Five friends travelling in a convoy through the backroads of the California hills under the scorching sun, Woody and Eileen suffer a flat tyre when they hit a pothole and he walks ahead, seeking the nearest gas station for assistance while she waits by the car for their friends to catch up. Hitching a lift with them when they arrive, they fail to locate Woody but instead find Slausen’s Lost Oasis where Jerry’s jeep mysteriously stalls.
A former Western themed wax museum fallen to disrepair since the new highway pulled traffic away, the owner is welcoming, appreciative of the rare company and the chance to show off the renderings crafted by his brother, but equally he is reticent for his guests to wander the grounds at night, warning of the danger of coyotes, nor is he keen for them to enter the main house across from the dusty museum building.
Originally released in March 1979, six months after John Carpenter’s Hallowe’en and over a year before Sean S Cunningham’s Friday the 13th, David Schmoeller’s Tourist Trap has aspects of the slasher boom it preceded with attractive twenty-somethings on a carefree weekend break which spells their doom, but its antecedents are broader, perhaps too encompassing in its multitude of inspirations and inclusions.
A wax museum populated by suspiciously lifelike mannequins where people go missing with surprising rapidity is a familiar setting, but in addition to the obvious serial killer driven by sibling rivalry and betrayal there is the “ghost town” feeling of the deserted valley destination, largely unexplored and incidental other than to isolate the roster of victims, and also, inexplicably, telekinesis, frequently manifested yet serving little explicit purpose, all the killings achievable without resorting to strange phenomena.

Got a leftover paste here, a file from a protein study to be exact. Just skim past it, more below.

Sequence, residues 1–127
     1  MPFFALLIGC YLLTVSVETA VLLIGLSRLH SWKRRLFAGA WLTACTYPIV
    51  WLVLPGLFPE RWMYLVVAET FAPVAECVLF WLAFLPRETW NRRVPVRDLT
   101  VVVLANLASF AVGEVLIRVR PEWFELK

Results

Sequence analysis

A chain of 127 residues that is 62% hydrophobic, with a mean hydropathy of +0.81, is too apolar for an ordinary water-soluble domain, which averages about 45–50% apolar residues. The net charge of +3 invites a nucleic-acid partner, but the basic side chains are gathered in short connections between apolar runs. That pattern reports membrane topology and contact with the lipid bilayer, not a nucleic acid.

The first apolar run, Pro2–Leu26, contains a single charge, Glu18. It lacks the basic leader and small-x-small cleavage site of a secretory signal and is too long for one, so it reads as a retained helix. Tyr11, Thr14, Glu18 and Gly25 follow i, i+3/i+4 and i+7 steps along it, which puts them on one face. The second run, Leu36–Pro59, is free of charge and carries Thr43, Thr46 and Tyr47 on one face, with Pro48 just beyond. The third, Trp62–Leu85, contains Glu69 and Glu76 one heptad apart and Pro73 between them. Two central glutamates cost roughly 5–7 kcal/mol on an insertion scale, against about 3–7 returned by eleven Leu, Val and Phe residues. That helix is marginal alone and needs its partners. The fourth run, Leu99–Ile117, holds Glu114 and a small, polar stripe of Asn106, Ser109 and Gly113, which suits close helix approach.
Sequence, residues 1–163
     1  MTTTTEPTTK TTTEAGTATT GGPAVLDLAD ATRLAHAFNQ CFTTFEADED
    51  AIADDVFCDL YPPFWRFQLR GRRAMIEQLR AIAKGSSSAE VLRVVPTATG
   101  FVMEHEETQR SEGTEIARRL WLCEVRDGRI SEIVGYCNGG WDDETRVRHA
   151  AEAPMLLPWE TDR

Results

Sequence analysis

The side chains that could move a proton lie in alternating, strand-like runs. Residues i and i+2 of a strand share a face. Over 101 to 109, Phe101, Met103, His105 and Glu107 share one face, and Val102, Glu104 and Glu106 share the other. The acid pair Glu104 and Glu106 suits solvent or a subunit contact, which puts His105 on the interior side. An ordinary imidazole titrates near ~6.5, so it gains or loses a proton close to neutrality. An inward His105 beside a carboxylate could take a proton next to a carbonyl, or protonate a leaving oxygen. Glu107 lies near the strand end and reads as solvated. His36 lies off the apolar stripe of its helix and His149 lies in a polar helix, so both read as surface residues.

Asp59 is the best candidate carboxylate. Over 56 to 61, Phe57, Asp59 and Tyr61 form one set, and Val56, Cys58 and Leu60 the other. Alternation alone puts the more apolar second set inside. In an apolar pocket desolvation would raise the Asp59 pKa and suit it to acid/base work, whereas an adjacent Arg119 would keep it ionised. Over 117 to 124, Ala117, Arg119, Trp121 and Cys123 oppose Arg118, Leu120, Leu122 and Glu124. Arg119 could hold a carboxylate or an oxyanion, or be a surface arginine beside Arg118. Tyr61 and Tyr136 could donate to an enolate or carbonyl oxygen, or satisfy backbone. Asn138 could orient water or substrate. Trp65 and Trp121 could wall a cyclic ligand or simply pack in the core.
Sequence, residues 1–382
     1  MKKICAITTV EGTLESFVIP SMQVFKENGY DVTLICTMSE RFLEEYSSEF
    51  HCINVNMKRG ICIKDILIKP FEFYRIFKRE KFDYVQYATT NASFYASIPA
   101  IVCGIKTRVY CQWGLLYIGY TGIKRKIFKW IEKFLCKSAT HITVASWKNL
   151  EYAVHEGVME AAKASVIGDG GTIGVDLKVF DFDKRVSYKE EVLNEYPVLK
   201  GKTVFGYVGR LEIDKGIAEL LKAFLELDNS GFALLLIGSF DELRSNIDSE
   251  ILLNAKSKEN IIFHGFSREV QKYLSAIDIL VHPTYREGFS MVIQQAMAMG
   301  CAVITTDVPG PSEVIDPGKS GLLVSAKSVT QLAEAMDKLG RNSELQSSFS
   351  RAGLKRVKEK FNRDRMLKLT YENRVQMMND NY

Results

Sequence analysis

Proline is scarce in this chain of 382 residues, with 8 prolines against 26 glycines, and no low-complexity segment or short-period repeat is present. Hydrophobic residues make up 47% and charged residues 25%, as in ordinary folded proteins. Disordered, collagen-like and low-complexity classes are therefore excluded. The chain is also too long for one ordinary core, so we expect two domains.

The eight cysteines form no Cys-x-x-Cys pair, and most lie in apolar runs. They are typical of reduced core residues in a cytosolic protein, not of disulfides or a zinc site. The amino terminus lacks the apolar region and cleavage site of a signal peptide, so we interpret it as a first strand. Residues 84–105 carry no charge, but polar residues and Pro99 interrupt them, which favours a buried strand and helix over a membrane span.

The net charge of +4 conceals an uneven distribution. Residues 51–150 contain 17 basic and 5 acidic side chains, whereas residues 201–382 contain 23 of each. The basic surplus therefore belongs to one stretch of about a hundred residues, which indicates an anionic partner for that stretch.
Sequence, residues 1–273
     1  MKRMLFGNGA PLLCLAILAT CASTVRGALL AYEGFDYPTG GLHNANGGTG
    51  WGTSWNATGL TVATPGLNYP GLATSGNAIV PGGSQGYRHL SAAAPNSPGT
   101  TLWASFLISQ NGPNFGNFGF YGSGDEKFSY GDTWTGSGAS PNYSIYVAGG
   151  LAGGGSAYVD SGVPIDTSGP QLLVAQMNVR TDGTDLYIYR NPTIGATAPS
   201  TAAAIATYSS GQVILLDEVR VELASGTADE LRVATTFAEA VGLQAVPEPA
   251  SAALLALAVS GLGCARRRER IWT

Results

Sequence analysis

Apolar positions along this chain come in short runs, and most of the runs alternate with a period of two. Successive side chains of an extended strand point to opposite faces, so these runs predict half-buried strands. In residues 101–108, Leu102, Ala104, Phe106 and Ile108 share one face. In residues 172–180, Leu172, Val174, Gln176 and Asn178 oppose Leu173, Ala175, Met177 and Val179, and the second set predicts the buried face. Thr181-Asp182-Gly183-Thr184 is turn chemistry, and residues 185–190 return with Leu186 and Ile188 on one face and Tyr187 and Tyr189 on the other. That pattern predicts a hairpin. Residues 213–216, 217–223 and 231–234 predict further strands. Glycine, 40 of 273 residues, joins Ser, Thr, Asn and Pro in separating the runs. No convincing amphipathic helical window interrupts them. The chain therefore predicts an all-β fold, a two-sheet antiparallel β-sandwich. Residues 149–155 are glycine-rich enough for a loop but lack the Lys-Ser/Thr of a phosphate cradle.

The ensemble comprising Woody, Eileen, Becky, Jerry and Molly (Keith McDermott, Robin Sherwood, Tanya Roberts, Jon Van Ness and Jocelyn Jones), later joined in the murder basement by Tina (Dawn Jeffory-Nelson), their personalities are as poorly developed as their instinct for self-preservation, the film instead belonging to Soylent Green’s Chuck Connors as Mister Slausen, surprisingly sympathetic as the widower in self-imposed exile even with his backstory swamped by Pino Donnagio’s maudlin score.
Opening with Woody’s exploration of what appears to be a booby-trapped funhouse where objects move by themselves with deadly consequence, the telekinetic aspect of Tourist Trap is neither properly addressed nor significant, a distraction from the masked assailant and the unhinged jaws of the screaming mannequins, an unnecessary flourish in a film where the atmosphere would have benefitted from a tighter focus in the wandering script.